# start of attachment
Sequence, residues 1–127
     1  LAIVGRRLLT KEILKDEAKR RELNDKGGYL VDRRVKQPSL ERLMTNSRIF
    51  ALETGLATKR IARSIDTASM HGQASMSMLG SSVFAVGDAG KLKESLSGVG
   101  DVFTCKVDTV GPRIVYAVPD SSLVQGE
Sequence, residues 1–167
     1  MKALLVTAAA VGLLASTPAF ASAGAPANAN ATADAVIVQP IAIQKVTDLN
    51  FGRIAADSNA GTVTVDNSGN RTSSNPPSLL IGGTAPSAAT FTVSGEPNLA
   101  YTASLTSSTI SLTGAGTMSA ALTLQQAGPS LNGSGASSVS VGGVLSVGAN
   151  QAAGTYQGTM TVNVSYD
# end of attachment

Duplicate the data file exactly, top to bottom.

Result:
Sequence, residues 1–127
     1  LAIVGRRLLT KEILKDEAKR RELNDKGGYL VDRRVKQPSL ERLMTNSRIF
    51  ALETGLATKR IARSIDTASM HGQASMSMLG SSVFAVGDAG KLKESLSGVG
   101  DVFTCKVDTV GPRIVYAVPD SSLVQGE
Sequence, residues 1–167
     1  MKALLVTAAA VGLLASTPAF ASAGAPANAN ATADAVIVQP IAIQKVTDLN
    51  FGRIAADSNA GTVTVDNSGN RTSSNPPSLL IGGTAPSAAT FTVSGEPNLA
   101  YTASLTSSTI SLTGAGTMSA ALTLQQAGPS LNGSGASSVS VGGVLSVGAN
   151  QAAGTYQGTM TVNVSYD